Can a priest tell a member of a liturgical ministry not to wear a veil?


#1

Our priest has told all the female ushers, sacristans, lectors and all other liturgical members that they cannot wear their veils when they serve. If they want to where them while sitting in the congregation, it’s alright, but not when they are serving Mass. He says they must all be uniform. Can he do this? If he can, why?


#2

Yes. A pastor can set standards for the faithful when they act in particular roles in a liturgical context. Ask the question in the other direction: can a pastor ask those acting in these roles not to wear beach-wear when they serve in these roles?

Because he’s in charge of regulating the liturgy at his parish.


#3

There was an excruciatingly long discussion on this topic recently.


#5

Of course he can, but I would be concerned if one did. I would find it disingenuous if he said it was because of uniformity, unless he required all ministers to buy matching polo shirts and wear black pants, in which case, it would be weird but at least consistent.


#6

Absolutely he can, and I expect most priests would make a similar ruling about liturgical ministers weiring veils.

The problem the priest is addressing is that if any individual (or small group) stands out in the Mass, for any reason, then that person (or persons) becomes a distraction to the congregation, and even to the priest himself. The distraction is very conspicuous if they are a ministers.

Over the years I’ve had several priests quietly censure individuals, including myself, who have been doing something which creates a distraction. (As reader, I was processing to the ambo while the collect was being said).

I’ve never heard of this being an issue. The women I’ve seen in veils at Mass have also been ones who avoid ministry and parish life in general (which is just fine), but if any were to volunteer I expect they’d realise that veils are not suitable for ministers without being told, or would at least ask the priest first.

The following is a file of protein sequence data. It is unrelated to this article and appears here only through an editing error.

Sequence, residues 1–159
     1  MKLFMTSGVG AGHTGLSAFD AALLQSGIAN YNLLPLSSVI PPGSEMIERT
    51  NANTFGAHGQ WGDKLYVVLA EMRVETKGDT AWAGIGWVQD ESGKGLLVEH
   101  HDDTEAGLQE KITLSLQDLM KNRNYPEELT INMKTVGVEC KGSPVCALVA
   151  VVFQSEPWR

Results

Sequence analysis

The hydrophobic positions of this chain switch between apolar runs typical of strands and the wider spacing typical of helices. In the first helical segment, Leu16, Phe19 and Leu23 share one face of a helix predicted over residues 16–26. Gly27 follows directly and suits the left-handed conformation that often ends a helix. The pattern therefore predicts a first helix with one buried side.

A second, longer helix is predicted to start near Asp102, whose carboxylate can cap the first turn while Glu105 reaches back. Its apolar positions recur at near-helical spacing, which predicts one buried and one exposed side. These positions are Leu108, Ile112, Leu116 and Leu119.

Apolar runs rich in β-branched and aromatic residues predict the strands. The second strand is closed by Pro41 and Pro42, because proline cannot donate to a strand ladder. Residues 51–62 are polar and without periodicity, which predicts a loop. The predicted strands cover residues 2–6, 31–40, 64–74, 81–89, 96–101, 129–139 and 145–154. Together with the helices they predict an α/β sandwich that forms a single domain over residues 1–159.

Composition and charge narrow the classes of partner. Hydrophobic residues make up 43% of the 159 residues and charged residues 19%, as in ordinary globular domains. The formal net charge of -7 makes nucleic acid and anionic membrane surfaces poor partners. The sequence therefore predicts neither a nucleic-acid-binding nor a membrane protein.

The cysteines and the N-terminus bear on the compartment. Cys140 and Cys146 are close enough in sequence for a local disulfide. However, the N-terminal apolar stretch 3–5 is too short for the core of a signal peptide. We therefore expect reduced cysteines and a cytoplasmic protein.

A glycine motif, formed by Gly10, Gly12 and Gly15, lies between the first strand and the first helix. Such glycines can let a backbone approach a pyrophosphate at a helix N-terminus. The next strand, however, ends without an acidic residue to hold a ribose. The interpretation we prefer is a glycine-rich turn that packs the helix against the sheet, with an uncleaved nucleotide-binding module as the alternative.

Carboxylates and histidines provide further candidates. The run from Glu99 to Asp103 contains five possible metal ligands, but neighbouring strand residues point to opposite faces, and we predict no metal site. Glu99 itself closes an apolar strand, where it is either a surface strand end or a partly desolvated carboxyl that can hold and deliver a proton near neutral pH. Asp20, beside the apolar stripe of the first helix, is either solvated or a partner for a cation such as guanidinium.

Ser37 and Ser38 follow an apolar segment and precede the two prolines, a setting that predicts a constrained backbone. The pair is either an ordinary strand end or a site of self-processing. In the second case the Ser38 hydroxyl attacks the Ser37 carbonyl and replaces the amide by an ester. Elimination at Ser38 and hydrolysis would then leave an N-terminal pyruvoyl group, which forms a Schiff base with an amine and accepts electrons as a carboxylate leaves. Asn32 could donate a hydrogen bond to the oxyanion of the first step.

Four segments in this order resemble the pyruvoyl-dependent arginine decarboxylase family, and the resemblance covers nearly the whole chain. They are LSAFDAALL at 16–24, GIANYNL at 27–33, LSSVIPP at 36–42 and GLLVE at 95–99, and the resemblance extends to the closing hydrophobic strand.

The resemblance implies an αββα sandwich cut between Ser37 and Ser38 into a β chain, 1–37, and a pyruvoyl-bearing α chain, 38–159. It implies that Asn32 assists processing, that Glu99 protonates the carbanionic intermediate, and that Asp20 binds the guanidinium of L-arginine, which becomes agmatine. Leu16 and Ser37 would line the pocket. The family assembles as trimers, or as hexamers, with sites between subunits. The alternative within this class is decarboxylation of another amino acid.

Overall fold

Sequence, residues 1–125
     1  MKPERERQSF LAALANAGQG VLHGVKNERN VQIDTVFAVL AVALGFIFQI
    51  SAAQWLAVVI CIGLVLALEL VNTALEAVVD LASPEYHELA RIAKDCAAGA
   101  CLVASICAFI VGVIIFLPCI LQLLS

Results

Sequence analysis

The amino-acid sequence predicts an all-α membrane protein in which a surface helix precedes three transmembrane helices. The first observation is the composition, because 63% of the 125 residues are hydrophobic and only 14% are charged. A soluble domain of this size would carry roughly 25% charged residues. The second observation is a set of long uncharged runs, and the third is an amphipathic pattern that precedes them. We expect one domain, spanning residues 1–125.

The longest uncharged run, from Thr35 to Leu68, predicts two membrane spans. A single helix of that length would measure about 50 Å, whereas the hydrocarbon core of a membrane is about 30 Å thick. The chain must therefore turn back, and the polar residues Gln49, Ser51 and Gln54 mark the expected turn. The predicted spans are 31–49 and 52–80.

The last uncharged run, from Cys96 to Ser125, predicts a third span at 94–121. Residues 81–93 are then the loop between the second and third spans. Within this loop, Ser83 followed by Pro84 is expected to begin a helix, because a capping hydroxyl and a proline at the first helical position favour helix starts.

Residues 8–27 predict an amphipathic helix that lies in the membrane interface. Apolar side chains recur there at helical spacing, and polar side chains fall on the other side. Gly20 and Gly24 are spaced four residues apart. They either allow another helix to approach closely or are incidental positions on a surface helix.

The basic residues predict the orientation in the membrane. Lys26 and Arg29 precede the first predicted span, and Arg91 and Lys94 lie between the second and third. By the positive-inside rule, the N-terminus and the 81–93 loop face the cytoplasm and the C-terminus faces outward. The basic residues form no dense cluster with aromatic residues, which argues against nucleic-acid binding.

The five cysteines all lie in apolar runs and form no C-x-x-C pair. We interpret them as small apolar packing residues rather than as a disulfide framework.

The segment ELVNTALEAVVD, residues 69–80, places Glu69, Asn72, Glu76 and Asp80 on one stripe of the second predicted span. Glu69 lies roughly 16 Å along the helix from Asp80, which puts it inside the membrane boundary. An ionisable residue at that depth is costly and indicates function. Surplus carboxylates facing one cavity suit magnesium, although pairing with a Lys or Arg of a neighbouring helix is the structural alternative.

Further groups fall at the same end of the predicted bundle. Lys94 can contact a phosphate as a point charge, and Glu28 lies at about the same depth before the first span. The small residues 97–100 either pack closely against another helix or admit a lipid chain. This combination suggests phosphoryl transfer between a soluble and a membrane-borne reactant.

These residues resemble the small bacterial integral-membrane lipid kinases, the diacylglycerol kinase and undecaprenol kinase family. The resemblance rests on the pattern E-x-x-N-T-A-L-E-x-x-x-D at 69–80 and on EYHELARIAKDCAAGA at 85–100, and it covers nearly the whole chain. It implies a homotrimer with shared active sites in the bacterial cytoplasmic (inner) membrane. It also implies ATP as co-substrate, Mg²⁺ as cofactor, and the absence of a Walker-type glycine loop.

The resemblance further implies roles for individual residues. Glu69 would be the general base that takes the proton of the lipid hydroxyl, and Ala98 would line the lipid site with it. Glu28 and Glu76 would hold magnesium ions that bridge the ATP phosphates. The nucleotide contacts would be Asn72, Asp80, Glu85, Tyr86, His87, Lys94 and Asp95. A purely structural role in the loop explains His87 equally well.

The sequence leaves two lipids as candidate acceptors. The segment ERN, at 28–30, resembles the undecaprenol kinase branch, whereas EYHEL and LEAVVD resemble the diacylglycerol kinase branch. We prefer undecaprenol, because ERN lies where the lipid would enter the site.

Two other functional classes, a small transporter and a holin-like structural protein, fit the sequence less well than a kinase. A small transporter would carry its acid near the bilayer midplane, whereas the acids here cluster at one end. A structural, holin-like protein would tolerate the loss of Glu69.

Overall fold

The priest here isn’t saying that the ministers must dress unifomly, but rather he is objecting to a conspicuous lack of uniformity. He may well do the same if all ministers were in smart clothes and one persisted in very casual clothes. As I said, it’s about individuals causing a distraction to the congregation.


#7

Ah, I see it has come up before. When I posted I didn’t realise how close your link was to our thread.

Still, the choir director (from the other thread) is in a much less visible role than the ones listed here (usher, sacristan, etc.).

The question of how much authority the priest has in the matter applies to both threads however, and there seems to be strong agreement that he can rule against the veil - even from those who think he shouldn’t.


#8

Yes, he can.

Remember that serving in those functions is not anyone’s right–rather, the laity are capable of being appointed by the pastor to those functions. Now, a pastor cannot act arbitrarily or in a way that harms the good of the community (for example, banning anyone with brown hair or green eyes from doing the readings). He can, however, set reasonable standards of appearance—such as “no shorts” or “no t-shirts” or even to require everyone (having a function) to wear an alb.

Think of it this way: let’s say that a reader appears one Sunday for Mass wearing a baseball cap. The pastor would be well within his authority to say that such cannot be worn by the reader at Mass. I doubt anyone would question this. Given its history, a veil is more than just a fashion choice. So, yes, he’s within his authority to disallow them in those circumstances.


#9

Thankyou, as always, Fr David. I think this (my highlight) is an important point.

We seem to be in agreement, reluctantly or not, that the priest can make such a ruling, but this reminds us that the veil has a particular relevance to the visible unity or disunity of the ministers.


#10

I don’t see it as an issue of “unity” but one of “uniformity.”

Unity either exists or it does not. Uniformity, however, can (and may) be imposed.


#11

@FrDavid96, it is good to have you back. I’ve missed seeing your posts.


#12

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